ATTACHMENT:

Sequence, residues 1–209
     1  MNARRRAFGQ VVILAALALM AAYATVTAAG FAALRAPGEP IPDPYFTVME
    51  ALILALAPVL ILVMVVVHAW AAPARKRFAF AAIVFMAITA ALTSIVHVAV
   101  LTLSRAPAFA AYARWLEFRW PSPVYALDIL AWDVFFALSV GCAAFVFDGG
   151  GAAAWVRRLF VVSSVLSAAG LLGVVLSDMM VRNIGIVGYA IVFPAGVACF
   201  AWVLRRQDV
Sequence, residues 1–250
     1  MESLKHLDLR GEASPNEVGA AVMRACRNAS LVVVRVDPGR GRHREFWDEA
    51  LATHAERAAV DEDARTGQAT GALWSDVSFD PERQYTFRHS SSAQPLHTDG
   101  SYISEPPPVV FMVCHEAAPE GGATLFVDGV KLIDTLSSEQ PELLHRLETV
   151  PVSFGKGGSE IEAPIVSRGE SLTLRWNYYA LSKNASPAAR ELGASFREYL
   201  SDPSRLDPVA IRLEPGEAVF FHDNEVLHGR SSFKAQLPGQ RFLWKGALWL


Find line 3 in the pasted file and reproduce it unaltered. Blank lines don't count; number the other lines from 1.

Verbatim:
    51  ALILALAPVL ILVMVVVHAW AAPARKRFAF AAIVFMAITA ALTSIVHVAV